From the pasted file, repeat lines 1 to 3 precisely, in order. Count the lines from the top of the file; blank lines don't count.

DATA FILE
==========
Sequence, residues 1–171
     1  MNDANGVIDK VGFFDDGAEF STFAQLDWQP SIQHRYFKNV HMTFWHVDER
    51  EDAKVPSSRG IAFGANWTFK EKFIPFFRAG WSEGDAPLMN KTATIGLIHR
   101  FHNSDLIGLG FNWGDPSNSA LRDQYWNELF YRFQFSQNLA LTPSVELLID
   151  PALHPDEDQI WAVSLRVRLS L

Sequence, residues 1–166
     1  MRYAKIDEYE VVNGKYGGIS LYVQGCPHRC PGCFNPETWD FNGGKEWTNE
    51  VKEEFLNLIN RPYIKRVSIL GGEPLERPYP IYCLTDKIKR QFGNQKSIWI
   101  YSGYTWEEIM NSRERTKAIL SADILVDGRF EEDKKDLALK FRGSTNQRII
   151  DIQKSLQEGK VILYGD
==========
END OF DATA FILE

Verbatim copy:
Sequence, residues 1–171
     1  MNDANGVIDK VGFFDDGAEF STFAQLDWQP SIQHRYFKNV HMTFWHVDER
    51  EDAKVPSSRG IAFGANWTFK EKFIPFFRAG WSEGDAPLMN KTATIGLIHR